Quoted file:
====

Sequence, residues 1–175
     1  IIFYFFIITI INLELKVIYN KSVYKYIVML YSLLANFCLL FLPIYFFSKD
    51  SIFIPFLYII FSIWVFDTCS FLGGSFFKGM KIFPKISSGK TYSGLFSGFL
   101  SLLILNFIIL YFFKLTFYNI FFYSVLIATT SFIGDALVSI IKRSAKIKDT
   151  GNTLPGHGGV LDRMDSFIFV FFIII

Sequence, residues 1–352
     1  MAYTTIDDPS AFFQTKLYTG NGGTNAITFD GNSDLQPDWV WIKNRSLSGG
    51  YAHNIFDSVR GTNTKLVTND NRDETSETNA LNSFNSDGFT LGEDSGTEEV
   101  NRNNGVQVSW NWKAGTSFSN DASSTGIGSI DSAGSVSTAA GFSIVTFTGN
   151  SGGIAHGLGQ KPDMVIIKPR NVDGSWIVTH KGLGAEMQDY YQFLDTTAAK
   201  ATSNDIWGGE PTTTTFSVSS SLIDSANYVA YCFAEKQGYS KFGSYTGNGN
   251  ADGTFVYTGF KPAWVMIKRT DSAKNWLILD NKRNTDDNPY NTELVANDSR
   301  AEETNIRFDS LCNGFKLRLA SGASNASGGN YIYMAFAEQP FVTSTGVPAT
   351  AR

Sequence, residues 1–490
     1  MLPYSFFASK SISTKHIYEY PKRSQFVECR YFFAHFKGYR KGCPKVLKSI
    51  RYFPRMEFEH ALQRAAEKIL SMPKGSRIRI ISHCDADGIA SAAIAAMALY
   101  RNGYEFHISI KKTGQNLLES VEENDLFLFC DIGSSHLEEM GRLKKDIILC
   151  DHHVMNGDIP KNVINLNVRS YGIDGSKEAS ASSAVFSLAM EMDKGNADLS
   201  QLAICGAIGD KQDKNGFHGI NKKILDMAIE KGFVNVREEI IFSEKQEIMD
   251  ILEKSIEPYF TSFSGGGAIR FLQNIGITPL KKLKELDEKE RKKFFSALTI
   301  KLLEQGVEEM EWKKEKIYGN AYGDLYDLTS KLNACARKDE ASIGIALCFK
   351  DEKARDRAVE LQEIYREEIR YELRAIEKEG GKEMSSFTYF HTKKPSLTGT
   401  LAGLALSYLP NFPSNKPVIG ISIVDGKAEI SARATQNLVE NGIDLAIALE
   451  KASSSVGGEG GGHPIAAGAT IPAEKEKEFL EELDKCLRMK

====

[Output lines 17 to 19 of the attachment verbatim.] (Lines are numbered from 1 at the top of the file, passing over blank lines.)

    51  RYFPRMEFEH ALQRAAEKIL SMPKGSRIRI ISHCDADGIA SAAIAAMALY
   101  RNGYEFHISI KKTGQNLLES VEENDLFLFC DIGSSHLEEM GRLKKDIILC
   151  DHHVMNGDIP KNVINLNVRS YGIDGSKEAS ASSAVFSLAM EMDKGNADLS